Sadly, sexism still survives

2004

On a recent cross-country flight, I found myself sitting next to an executive of a large company—if I mentioned their name, you’d realize that you probably have their products in your home.

As we chatted through the normal "so what do you do for a living?" conversation, this man (let’s call him Tom) asked my opinion on how people are different in the workplace. The question could have been answered a thousand different ways, so I offered a brief and fairly generic response.

But as often is the case, the reason for his question was simply to set the stage for him to offer his own opinion. "I think," Tom said, "that the biggest differences in the workplace are between males and females. Men make logical decisions; women make emotional ones."

I wanted to tap my ears to make sure I was hearing this guy correctly. Instead, I swallowed hard and blinked my eyes a few times while I tried not to let my body language speak my true reaction. I collected my thoughts before responding.

Ignoring his erroneous conclusion, I chose a more tactful approach. "You know, men and women are different," I said. "One thing that women sometimes get upset about is the term ‘female intuition,’ but they should take it as a compliment."

Tom seemed interested, so I continued. "In the uterus, a male baby’s body creates androgen which washes over the brain. One of the results of the androgen wash is that about 20% of the electrical connections between the two hemispheres are permanently burned. Consequently, women have about 20% more connections between the two sides of their brain than do men, and they can process information much faster."

"Bottom line," I said, "men tend to think things through more logically, but it usually takes longer. Women typically reach conclusions intuitively and quickly, but they can’t always explain how they reached their decisions."

"I’ve never heard that before," said Tom, and he sat quietly, pondering this new information.

Silently, I thanked Leadership Development associate Diane Tinderholt for explaining this to me years before. Since that time, I’ve also read research by several leading universities confirming these facts. Such research has also revealed that because women tend to be more intuitive, they are more in tune with human emotion, as well. Most men, unfortunately, are unequipped with much natural gifting in this area.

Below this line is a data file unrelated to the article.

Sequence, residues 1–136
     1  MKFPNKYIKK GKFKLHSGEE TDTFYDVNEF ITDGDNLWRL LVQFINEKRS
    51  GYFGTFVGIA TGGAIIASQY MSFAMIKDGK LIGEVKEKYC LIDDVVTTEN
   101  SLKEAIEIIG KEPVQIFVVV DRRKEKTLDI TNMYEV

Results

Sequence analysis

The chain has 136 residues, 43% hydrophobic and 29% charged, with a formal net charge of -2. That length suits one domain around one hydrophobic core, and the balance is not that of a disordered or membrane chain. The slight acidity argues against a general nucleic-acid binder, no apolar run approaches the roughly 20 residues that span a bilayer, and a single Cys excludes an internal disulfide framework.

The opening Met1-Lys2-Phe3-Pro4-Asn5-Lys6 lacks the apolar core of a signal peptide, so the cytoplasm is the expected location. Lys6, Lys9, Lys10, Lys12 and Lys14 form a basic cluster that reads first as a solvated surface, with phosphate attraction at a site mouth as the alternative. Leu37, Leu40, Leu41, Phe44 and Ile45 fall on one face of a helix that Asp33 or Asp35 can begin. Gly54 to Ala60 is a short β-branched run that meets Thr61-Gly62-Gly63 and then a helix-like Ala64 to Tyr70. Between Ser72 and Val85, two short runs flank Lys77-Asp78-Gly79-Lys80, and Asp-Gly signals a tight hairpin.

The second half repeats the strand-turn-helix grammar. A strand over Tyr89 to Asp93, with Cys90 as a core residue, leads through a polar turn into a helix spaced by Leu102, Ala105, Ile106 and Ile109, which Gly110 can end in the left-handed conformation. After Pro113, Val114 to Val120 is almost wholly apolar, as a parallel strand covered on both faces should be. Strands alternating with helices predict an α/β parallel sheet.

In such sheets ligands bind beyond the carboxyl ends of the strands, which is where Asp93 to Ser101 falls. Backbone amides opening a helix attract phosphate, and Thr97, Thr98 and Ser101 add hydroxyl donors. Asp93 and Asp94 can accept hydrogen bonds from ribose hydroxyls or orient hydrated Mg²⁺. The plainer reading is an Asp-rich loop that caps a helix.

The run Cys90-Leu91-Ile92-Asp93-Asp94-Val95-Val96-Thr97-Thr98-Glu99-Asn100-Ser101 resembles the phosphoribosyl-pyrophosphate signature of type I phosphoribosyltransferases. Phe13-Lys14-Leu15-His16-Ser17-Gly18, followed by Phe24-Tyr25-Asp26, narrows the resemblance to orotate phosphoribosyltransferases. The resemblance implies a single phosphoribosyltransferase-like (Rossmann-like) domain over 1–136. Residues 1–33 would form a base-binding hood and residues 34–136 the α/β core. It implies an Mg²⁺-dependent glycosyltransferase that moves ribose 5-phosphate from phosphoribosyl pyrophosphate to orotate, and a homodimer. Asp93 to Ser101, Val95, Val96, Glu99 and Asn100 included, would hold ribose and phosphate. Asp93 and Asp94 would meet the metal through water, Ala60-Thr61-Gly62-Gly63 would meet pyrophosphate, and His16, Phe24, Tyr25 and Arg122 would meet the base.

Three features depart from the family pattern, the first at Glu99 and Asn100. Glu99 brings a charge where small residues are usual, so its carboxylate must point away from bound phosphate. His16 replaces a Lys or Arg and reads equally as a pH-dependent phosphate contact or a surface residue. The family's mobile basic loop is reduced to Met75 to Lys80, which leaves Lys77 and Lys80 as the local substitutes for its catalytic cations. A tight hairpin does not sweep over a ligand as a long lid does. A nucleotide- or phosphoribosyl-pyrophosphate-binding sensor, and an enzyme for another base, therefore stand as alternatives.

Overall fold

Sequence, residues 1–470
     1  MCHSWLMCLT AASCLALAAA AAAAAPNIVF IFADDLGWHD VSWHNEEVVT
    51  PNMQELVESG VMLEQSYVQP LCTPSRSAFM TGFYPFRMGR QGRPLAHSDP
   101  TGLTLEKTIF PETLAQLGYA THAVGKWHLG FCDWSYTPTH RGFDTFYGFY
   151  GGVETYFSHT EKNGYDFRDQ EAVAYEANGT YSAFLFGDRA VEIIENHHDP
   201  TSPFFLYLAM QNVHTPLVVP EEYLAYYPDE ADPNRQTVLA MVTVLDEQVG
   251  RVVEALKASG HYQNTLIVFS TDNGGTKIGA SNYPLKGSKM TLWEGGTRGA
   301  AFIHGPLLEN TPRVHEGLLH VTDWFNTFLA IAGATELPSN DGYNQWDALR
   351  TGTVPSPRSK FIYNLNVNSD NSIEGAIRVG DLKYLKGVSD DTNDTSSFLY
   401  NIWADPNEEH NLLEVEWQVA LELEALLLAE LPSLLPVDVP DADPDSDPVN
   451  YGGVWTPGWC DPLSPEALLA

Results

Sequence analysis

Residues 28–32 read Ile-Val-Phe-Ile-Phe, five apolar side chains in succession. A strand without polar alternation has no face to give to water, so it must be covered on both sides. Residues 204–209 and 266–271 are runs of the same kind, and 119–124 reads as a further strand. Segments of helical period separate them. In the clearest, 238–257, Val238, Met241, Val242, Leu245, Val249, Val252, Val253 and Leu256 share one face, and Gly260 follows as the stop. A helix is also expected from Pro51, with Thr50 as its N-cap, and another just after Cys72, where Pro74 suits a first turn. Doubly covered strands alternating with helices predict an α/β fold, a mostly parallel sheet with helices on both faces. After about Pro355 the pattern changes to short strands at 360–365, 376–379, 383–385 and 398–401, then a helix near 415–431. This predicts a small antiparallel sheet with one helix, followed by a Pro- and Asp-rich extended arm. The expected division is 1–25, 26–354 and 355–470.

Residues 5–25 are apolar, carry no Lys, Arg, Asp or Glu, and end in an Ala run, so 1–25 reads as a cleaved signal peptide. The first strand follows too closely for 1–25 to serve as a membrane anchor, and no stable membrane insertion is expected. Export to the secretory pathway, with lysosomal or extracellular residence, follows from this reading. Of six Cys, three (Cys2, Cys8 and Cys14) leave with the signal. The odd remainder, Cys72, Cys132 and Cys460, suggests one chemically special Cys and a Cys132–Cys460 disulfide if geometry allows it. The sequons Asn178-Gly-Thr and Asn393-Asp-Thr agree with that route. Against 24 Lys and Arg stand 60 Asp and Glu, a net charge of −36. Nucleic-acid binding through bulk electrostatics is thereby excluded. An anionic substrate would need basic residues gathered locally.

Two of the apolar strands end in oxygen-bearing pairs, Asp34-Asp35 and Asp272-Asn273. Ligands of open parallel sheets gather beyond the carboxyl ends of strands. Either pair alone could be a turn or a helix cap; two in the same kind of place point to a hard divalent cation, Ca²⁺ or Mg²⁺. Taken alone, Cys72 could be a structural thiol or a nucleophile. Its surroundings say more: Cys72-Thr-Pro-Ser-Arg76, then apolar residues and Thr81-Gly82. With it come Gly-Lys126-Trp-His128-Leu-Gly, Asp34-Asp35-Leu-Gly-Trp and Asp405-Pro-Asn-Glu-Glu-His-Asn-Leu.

Regrettably, Tom seemed to have an "us vs. them" mentality — which is genuine poison for the workplace — with the added detriment of pitting women against men. No doubt he was losing out on some great synergy that could take his organization to the highest levels.

Much literature has been appearing in recent years on the importance of intuition in the workplace, but its value has been recognized by leaders in many fields for quite a while.

Dr. Joyce Brothers, a renowned psychologist, understands the phenomenon of intuition. She says "Trust your hunches. They're usually based on facts filed away just below the conscious level."

And Dr. Jonas Salk, creator of the Polio vaccine, said, "The intuitive mind tells the logical mind where to look next."

In this day and age, it’s both sad and puzzling to hear top executives still hold such archaic beliefs about men and women. Yes, differences exist, but the differences are not detrimental unless we make them so. Both genders bring tremendous value to the table: Our job is to recognize and capitalize on those differences.

Men like Tom need to recognize that women tend to have more natural intuition than men, and that his company would benefit if he spent more time valuing these differences with a "team" mindset. I’d like to hope that after our conversation, he left pondering that very thing.

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About The Author

Dan Bobinski
Dan Bobinski

Dan Bobinski is a training specialist, author, and an accomplished keynote speaker. He's been providing management and leadership training to Fortune 500 companies as well as smaller, regional concerns for more than 20 years.